Approaches in departments and teams’ fields will of course be different, but the aim is to establish the similarities and shared processes. The results of the internal audit will help shape the direction of the whole GRC project.
It’s also important to define all relevant regulations, contracts, laws and legislation the organization may need to be compliant with. For example, organizations that process cardholder data will likely need to be compliant with the Payment Card Industry Data Security Standard. Once highlighted, the scale and scope of the GRC program can be decided.
2. Senior management should be fully onboard
The benefits of a unified GRC approach should be clear to any members of senior management. After all, it means better access to reports, analytics and evidence which help shape strategic decisions. Plus, improved risk management processes mean those strategic decisions are well-informed in the first place.
Senior management should provide a clear idea of the organization’s overall aims and strategy, which in turn will set the tone of the GRC project. If the board can decide on a unified GRC strategy, it will be easier to embed the project in the wider organization.
3. GRC tools can streamline the process
GRC tools such as compliance software or reliable board portal software will help streamline the project. GRC software will provide one area to record all the different risk assessments and internal audits. In addition, it can help directly with compliance monitoring. This centralized data can then be accessed and visualized remotely, for instant access to trends and records.
The GRC software will also help to trace the different processes and procedures used within different teams or roles. By centralizing processes within one piece of software, organizations can explore the trends found within different silos.
4. Make improved business performance a core project aim
When assessing existing processes and procedures the question should be asked: can it be improved? The main aim of a GRC program is to drive improvements to risk assessment and compliance monitoring. Both aspects are integral to the ongoing success of an organization.
Risk management directly informs decisions on the growth of the organization, or the improvement of services and products. A project to unify GRC programs should aim to improve processes for risk assessment and management. This can be through efficiency savings by sharing resources across teams and departments, or through the refining of processes. The overall performance of the business should improve as a result.
5. Define objectives and keep communication channels open
Circling back to the goals of your GRC initiative is critical. There should be regular communication and clarity about the objectives to all members of the organization. GRC by its very nature is far-reaching and comprehensive, as the process will review the breadth of an organization.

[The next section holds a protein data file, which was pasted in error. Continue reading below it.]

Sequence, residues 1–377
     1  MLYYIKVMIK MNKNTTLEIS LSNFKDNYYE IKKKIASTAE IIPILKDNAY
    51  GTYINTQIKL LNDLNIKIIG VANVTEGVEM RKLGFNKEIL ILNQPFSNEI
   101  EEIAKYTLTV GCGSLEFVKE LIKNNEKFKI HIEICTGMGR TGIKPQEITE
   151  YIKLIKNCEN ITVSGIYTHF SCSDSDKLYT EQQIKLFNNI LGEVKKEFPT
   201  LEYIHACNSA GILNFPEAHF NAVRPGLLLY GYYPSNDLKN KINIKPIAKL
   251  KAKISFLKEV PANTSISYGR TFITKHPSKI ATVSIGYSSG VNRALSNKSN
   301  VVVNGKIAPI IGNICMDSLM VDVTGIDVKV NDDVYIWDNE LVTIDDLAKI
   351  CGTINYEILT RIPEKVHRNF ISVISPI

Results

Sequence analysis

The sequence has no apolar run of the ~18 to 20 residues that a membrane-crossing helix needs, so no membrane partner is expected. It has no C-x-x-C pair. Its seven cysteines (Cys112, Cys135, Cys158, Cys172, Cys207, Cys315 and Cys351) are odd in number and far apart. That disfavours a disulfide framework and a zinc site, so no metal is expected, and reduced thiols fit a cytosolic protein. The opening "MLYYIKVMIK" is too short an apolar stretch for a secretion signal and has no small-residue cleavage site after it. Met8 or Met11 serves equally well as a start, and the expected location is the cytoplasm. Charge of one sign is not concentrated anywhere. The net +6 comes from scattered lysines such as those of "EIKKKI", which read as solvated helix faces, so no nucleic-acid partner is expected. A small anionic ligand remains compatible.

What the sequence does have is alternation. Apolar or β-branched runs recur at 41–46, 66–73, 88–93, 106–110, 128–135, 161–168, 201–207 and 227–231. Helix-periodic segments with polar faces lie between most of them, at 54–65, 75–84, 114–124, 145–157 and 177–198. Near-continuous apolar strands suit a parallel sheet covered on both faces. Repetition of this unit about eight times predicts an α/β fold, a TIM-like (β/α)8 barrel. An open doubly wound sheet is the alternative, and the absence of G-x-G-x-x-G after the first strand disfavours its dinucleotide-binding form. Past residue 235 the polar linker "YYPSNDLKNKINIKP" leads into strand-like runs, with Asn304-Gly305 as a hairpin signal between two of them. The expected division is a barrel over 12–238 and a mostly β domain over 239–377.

The launching of a new GRC system will require training and engagement campaigns, so project communication is important. Questionnaires, surveys and interviews are useful ways of gaining insight into different processes across teams and departments. Plus, any changes in process will need to be announced and managed.
This is particularly true if the organization is introducing a new tool or piece of software to deliver the GRC system. Any changes in technology will require an element of engagement or training.
After you have clearly defined organizational objectives, established an effective communications strategy and enforced the best set of controls for your organization, the right tools and technology can help you stay on top of your GRC activities.
Diligent Compliance software can help you store compliance monitoring results and internal audit documents in a single, centralized place. Governance boards can access the platform anytime, anywhere, across a range of devices.
Diligent also offers governance solutions to help board members and strategic decision-makers identify inefficient processes, benchmark against peers and stay up-to-date with the latest industry trends. These allow executives to:
- Keep track of industry news to identify market trends, stakeholder sentiments, key risks and critical opportunities
- Monitor governance “health” with peer group comparison, reputation monitoring and succession planning tools
- Enjoy a multi-channel experience with mobile, automated emails, dashboards, curated newsletters, API, finished reports, etc.
- Tailor the sources, volume, frequency and modes of consumption according to their personal preferences
- View analytics, flag discrepancies and evaluate performance
- Access an extensive database of director and executive profiles
- Access up-to-date intelligence and profiles on key competitors and companies of interest